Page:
Los Angeles DA Predicts Crime Spike After Inmate Transfers


Los Angeles County District Attorney Steve Cooley says a new state law to force counties, instead of the state, to jail non-violent felons is a “horribly flawed plan” that would increase crime on the streets, reports the L.A. Times. He called it a “bait and switch” by the Legislature that attempts to solve the fiscal crisis by placing a burden on counties.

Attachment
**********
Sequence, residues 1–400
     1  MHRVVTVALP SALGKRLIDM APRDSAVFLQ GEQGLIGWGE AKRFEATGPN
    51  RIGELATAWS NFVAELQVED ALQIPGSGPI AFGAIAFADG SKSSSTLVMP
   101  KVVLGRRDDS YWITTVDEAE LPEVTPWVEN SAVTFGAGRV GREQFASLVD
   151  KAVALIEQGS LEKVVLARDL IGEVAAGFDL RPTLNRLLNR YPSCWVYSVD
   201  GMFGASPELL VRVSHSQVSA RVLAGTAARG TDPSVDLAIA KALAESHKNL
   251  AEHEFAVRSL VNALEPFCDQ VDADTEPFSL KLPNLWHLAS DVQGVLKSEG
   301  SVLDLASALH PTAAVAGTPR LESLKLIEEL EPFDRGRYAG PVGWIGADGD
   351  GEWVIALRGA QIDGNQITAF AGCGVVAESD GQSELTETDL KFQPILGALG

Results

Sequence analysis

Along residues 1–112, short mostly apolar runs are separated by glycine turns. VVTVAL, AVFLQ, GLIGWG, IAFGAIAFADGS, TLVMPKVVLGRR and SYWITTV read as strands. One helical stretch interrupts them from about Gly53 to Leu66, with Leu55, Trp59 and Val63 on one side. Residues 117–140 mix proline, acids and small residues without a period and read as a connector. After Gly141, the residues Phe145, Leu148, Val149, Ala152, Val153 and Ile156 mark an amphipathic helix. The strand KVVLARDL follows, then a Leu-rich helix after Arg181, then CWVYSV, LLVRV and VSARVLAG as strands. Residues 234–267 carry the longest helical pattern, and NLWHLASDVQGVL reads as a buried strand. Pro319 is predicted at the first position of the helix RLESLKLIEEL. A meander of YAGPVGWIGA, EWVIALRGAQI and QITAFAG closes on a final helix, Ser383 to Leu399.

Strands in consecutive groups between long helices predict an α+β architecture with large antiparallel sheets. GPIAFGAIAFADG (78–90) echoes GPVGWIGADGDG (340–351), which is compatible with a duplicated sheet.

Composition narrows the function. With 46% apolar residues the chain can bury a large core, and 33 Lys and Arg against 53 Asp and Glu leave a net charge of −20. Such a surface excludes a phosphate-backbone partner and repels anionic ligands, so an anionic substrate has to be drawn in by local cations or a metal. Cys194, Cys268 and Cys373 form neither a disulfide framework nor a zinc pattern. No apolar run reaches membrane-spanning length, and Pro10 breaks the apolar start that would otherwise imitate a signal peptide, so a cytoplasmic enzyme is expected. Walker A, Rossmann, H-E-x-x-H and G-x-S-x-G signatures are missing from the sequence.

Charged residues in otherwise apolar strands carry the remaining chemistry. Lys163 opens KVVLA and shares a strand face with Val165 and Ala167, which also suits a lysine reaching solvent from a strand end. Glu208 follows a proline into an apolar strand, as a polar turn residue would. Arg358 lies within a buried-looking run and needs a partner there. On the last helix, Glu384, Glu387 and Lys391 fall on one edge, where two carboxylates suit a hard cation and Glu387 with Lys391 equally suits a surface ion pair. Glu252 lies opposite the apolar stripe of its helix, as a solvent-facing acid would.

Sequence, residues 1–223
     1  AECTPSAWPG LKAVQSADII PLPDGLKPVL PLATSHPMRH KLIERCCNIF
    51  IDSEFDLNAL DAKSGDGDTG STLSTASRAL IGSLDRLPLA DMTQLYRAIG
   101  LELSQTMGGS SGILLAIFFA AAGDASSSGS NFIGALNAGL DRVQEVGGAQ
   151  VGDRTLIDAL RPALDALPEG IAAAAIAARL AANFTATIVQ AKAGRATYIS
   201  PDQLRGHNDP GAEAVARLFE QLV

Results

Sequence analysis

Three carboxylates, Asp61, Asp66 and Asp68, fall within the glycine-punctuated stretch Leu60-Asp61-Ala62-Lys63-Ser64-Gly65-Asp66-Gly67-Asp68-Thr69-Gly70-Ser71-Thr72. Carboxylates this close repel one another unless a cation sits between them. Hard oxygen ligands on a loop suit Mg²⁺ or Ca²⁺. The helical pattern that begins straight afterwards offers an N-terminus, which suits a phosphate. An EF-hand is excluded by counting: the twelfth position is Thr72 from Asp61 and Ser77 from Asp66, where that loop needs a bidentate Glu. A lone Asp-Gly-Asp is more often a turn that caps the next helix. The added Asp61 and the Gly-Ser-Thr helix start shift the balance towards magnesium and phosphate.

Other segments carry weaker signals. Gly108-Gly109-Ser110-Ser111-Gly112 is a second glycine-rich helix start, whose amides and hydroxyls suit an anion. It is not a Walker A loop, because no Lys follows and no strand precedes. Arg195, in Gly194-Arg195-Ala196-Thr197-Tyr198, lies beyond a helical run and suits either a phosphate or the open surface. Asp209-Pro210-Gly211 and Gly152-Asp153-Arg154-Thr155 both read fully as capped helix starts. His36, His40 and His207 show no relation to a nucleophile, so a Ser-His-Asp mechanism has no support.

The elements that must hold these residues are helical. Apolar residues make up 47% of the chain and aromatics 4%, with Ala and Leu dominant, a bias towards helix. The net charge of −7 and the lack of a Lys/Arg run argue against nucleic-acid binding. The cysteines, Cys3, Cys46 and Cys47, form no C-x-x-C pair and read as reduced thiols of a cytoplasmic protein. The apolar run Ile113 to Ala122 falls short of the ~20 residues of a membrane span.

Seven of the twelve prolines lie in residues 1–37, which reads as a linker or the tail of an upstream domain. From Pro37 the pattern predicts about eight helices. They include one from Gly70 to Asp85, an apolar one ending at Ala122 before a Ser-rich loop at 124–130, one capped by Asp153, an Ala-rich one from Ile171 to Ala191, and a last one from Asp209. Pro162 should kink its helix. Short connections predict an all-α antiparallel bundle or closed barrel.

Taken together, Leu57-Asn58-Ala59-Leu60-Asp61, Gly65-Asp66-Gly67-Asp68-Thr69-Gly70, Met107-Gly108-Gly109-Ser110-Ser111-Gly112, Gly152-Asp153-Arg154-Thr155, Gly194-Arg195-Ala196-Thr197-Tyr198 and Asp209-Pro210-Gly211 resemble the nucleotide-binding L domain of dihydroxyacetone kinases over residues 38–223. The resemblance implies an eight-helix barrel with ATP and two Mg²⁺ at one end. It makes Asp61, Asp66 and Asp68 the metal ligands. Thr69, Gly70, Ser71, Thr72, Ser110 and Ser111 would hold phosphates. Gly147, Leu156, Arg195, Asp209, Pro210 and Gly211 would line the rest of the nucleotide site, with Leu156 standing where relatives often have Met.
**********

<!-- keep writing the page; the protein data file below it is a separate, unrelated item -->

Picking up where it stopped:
Cooley said there's not enough room in the county jails to house felons who would otherwise go to state prison. Already, county jails are being forced to release their own inmates early. Officials estimate that in Los Angeles County, about 7,500 non-serious, non-sexual and non-violent felons who would have gone to state prison will instead stay in county custody. Cooley's comments come as the county Board of Supervisors is finalizing plans on how to handle the state felons in the county system. The state law will go into effect Oct. 1.

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